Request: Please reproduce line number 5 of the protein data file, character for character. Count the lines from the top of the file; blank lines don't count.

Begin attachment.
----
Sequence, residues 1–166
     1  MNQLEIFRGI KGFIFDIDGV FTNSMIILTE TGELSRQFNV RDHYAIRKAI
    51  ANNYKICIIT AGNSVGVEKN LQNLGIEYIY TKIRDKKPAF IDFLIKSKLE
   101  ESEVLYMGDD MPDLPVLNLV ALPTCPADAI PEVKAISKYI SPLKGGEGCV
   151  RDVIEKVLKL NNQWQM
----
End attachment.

   151  RDVIEKVLKL NNQWQM